Monthly Archives: September 2013

Leptospirosis (Sept. 2013)

“It’s out there.” Recent research reported by the American Veterinary Medical Association (AVMA) states that at least 8% of the dog population has contracted Leptospirosis. They report that it can only take a few minutes outdoors to contract this disease and that it is also transmitted by squirrels. This recent report (September 18, 2013) also stated that Leptospirosis is on the increase in the Northeast. Leptospirosis (Lepto) is a contagious disease affecting both animals and humans. This terrible disease is caused by several bacterial pathogens called Leptospira which can cause serious liver and kidney disease. Leptospira thrive in wet soil conditions and moderate temperatures support their surviving in the environment. The organism can be found on the grass, an d even on wet sidewalks. Infection is spread in humans and animals by contact with infected areas from the urine of squirrels, raccoons, fox, horses, rats, mice, opossum, skunk, dogs, and other animals that urine outside. The bacteria can enter the body by licking contaminated areas on the paws or body, or by drinking contaminated water, or through open wounds. Stagnant water such as small ponds and lingering puddles should be avoided. Initial symptoms include fever, decreased appetite, vomiting and sometimes diarrhea. If a diagnosis is not made early and treatment initiated the disease can progress to kidney and liver failure and be fatal. Since Leptospirosis poses a risk of spread to other animals and humans, any suspected contaminated area should be avoided and the area should be thoroughly drained, washed and disinfected with an iodine-based solution. It is almost impossible to keep dogs off grass or other potentially infected areas so vaccination is the wisest cho ice. The vaccine is safe and effective. If you know there are squirrels, raccoons, and or rats, etc. on your property and your dog goes outside where they might have been, your dog is at risk and should be vaccinated. Contact your veterinarian for current vaccination protocol.

Human Medications are Toxic to Animals

The ASPCA has reported that as the human population ages, more and more medications are prescribed, and more poisonings occur in our pets. In fact, last year more than 1/3rd of all pet poisonings reported were in fact from ingesting human medications. That figure is actually over 3000 cases in New York State alone. The most common reported is the moisture absorbents found in most medications. These are little silica packets that prevent moisture from ruining the medicine. They cause gastric upsets and can cause an intestinal blockage. The two most commonly reported over the counter NSAIDS are ibuprofen (Advil, Motrin) and naproxen (Naproxen). All are toxic to animals. All cardiac medications should be avoided and kept locked up. Non-aspirin pain relievers such as acetaminophen (Tylenol) are also very dangerous. Other type of medications include cold medications, cough and allergy medications, and antidepressants. Although, many of these cases are accidental, all are avoidable. You must make sure no medications fall to the floor and all must be put away and out of reach. Puppies and kittens are usually the more likely candidates for playing and consuming these items listed above. Keep activated charcoal and hydrogen peroxide in the house, just in case, but do not use unless advised to do so. Please note: the direct line of the Animal Poison Control Center is 888-426-4435.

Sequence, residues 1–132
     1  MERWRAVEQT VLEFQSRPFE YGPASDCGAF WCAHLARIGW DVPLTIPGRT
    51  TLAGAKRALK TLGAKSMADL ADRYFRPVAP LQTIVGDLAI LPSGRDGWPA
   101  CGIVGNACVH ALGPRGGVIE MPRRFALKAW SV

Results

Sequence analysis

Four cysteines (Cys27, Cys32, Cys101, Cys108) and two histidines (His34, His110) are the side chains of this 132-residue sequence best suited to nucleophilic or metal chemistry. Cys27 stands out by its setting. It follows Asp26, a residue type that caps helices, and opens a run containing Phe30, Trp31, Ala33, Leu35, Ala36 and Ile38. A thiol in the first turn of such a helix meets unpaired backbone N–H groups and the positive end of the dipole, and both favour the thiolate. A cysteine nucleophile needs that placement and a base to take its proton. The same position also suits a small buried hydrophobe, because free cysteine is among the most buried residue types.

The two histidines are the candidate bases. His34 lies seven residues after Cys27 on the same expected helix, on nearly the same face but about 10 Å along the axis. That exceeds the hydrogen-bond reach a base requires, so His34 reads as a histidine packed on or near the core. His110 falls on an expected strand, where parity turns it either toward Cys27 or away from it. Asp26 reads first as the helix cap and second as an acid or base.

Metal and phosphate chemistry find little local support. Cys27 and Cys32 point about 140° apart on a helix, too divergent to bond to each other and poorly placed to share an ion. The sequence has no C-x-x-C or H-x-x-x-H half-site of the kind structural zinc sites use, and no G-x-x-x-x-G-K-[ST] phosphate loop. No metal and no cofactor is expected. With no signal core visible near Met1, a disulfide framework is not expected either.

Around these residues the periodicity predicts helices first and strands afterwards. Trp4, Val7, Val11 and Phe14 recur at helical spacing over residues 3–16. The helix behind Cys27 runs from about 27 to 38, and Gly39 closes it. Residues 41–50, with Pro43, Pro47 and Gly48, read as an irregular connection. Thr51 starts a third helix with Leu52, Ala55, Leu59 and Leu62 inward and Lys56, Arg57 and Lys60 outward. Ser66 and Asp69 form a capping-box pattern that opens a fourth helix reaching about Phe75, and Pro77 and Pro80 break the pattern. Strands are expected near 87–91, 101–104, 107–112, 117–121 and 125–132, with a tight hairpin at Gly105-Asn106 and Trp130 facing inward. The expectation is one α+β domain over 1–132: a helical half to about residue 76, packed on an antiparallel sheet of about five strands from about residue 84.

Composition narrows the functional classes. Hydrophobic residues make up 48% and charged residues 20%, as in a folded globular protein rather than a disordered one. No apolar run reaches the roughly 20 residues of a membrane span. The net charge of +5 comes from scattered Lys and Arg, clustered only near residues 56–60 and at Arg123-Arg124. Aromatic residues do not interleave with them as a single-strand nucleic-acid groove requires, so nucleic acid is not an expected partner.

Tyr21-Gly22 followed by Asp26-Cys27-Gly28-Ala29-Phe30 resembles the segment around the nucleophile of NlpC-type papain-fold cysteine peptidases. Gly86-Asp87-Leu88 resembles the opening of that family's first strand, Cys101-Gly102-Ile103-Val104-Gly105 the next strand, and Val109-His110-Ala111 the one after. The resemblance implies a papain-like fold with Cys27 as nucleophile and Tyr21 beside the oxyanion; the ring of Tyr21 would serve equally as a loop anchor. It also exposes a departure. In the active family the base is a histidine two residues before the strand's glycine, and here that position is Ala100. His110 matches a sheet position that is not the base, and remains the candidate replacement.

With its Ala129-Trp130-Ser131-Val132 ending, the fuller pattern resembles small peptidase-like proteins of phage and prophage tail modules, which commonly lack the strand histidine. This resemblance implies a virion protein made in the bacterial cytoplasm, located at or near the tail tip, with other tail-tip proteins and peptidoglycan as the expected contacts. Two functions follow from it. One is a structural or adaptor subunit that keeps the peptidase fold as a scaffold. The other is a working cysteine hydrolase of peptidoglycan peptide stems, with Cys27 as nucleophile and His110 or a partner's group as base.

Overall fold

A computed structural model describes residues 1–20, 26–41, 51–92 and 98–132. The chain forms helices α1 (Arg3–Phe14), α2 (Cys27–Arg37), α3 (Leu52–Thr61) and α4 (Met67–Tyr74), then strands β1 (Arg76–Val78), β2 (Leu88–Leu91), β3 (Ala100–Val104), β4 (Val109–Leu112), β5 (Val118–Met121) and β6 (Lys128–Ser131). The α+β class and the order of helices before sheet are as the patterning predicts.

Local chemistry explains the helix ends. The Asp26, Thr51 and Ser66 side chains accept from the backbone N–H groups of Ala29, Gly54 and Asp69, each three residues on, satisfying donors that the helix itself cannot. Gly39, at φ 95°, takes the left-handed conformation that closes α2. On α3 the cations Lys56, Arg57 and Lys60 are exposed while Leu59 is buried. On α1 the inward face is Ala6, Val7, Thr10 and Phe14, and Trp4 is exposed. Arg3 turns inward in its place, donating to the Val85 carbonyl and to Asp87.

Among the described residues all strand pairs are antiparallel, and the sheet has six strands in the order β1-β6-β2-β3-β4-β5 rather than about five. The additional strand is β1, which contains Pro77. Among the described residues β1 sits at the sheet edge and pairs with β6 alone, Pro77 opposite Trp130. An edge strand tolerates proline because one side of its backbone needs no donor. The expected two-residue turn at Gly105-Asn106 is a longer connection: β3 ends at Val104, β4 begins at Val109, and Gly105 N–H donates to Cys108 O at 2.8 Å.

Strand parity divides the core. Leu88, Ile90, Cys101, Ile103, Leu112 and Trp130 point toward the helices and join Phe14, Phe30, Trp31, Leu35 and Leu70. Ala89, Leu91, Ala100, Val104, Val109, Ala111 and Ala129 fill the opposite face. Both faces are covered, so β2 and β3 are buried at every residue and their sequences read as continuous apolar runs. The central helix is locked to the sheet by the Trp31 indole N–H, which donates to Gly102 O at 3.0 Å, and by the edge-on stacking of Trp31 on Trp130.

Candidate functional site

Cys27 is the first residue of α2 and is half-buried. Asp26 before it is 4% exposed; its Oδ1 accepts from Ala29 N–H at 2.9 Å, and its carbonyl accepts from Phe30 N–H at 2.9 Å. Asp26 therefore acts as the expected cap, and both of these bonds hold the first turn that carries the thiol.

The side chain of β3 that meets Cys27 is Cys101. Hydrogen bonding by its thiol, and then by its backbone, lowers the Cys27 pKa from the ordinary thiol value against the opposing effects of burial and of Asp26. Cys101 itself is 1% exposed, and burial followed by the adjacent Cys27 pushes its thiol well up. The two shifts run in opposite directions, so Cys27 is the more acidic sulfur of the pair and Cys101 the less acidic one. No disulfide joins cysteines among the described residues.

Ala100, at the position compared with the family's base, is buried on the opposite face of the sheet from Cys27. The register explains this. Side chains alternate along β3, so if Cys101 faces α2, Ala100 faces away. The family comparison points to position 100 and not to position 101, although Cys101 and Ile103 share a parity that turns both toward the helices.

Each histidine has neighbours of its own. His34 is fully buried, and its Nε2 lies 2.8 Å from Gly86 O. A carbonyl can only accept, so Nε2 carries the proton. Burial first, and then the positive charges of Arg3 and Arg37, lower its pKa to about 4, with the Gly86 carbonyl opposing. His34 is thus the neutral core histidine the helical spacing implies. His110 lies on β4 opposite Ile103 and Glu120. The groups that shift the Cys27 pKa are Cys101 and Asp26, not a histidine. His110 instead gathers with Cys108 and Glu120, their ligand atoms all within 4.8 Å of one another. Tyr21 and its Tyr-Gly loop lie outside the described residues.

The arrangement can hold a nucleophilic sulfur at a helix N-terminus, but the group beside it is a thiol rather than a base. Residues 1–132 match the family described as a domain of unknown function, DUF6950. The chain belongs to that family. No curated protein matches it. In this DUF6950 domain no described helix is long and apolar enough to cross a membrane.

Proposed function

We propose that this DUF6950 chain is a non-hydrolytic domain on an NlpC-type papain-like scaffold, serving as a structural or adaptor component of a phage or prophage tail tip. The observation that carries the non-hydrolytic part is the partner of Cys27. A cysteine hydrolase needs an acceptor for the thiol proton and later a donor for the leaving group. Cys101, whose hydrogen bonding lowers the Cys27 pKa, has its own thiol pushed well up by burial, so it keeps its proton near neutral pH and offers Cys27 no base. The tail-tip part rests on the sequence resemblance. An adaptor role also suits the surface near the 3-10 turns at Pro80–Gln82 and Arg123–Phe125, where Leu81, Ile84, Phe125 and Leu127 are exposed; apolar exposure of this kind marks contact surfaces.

What kind of water is best for your pet?

There are basically five kinds of water: Spring water, Well water, Tap water, Bottled water and Distilled water. Spring and well water comes from the earths aquifer, rain and melting ice, tap water from rain water stored in reservoirs, bottled water from commercial companies and distilled water also from commercial companies. Spring and well water is the most natural, and if not bottled it is unfiltered and untreated. Tap water is treated with fluoride and other chemicals and is also filtered. Bottled water is not only filtered but many impurities are also removed by chemical processes. This depends on what company is producing it. Lastly, distilled water is made by boiling regular water and capturing the steam under pressure, into sterile containers. By doing this, most impurities and important electrolytes and minerals are also removed. If you go “online” there are many conflicting articles about the benefits and hazards of distilled water. This ranges from treating urinary tract infections, causing urinary infections and stones, causing and/or treating cardiac disease, and even tear stains, etc. Now, which one is best for your pets? Well that depends on how extensive your research is. It is controversial. Spring water, which is fresh water from springs, is not so fresh as one might think. Animals urinate and defecate in those rivers “upstream” that become springs “downstream”. In fact, even in Canada, the ice melt water coming directly from the polar ice cap has impurities and tastes of sulfa. Well water is from the earths aquifer and has a natural filter. However, it still is not always safe to drink it. In general, the safest water is using any source of water suited for human consumption, filtered and treated. The general consensus of my research is distilled water is NOT recommended. Although most electrolytes and minerals important for goo d health are found in all commercially prepared dog and cat foods, many pets do not get balanced diets. Drinking regular water is not only important for proper hydration but is also a source for these necessary minerals and electrolytes that your pet might not get if he/she is a finicky eater. Remember, always provide ample fresh drinking water for your pets on a daily basis, the same water that you drink.